The issue of exporting natural gas comes down to how fast we are willing to hydraulically fracture or “frack” shale to get the gas. The faster we go, the cheaper the gas and the greater will be the urge to export it (C&EN, Jan. 7, page 18).
I doubt we have any idea how much shale gas there will be or how long it will last. Have we learned nothing from the rapid depletion of petroleum that we care not a whit about husbanding such a one-time bonanza or considering future generations? Going slower would also give us time for a better understanding of all the risks of fracking. Could it be that the gas industry wants to rush, not just to make money today, but also fearing that slowing down would result in a better understanding of the risks?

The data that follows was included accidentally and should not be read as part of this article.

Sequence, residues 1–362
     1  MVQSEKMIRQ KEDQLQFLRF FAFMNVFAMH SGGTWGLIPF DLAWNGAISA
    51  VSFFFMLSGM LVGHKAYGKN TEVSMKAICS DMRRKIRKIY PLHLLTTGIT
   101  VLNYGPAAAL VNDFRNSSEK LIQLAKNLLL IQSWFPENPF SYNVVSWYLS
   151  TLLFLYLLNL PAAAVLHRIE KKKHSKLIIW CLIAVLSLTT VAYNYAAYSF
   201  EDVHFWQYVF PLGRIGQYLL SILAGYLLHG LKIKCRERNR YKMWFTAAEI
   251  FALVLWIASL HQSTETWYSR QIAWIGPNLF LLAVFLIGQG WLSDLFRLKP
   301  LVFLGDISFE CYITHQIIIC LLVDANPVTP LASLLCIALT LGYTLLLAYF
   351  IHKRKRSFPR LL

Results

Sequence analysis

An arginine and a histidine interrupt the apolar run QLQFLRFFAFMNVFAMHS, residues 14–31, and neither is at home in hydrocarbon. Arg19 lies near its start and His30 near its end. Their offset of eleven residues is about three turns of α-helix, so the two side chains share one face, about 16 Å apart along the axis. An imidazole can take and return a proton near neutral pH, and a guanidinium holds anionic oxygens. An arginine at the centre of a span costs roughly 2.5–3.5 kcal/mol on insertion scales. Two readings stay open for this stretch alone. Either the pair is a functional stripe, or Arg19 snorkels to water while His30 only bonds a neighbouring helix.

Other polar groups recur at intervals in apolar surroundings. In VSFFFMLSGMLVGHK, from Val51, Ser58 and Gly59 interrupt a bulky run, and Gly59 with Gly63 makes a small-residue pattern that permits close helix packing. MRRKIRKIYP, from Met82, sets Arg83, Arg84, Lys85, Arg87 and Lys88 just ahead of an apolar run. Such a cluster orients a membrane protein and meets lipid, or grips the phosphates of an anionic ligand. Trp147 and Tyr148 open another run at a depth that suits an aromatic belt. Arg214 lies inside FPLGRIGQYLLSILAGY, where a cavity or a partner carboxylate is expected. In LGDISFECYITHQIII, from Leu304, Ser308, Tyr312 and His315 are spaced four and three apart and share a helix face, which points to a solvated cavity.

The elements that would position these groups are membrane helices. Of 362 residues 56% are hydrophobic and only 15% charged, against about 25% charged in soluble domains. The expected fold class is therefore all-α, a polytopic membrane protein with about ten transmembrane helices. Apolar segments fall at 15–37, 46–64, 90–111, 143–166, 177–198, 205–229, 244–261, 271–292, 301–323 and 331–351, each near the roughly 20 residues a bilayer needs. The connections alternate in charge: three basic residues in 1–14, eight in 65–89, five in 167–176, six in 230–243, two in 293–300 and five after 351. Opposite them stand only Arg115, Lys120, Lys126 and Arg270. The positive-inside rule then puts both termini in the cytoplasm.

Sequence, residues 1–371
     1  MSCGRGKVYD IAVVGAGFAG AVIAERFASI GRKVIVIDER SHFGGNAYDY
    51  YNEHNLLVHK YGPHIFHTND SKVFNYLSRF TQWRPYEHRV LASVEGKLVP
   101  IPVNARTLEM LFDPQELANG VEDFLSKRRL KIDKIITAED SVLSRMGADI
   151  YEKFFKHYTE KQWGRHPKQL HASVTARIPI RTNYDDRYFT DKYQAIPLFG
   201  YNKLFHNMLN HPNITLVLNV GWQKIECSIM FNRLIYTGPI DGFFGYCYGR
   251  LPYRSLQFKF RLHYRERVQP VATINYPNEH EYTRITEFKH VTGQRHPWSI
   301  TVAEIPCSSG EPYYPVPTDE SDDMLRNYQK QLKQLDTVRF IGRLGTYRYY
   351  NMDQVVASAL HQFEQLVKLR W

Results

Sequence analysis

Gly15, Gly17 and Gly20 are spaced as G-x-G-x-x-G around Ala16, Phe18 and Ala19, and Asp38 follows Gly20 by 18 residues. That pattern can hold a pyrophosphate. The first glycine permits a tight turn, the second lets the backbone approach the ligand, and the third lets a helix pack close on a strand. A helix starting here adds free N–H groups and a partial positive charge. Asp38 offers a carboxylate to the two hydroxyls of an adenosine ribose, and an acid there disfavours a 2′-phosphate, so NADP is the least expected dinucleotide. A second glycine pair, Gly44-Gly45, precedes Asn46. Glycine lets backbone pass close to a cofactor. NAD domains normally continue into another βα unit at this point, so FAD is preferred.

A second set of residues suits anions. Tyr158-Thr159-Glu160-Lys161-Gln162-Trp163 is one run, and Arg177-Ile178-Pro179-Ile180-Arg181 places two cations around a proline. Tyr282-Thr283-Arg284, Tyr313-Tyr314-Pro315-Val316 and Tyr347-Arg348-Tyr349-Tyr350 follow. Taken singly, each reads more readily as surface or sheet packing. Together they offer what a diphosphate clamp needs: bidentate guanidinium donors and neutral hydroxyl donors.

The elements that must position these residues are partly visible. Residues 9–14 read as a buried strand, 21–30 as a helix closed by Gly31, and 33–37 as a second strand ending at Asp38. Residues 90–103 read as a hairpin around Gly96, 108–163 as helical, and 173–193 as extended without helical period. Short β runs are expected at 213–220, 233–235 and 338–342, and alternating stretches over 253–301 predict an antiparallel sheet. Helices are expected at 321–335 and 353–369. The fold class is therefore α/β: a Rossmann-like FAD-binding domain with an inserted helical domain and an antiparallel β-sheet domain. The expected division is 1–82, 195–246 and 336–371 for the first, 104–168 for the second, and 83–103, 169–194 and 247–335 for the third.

Along with precious metals and rare earths, our political system badly needs some way to control the rate of consumption of nonrenewable resources.
Victor J. Reilly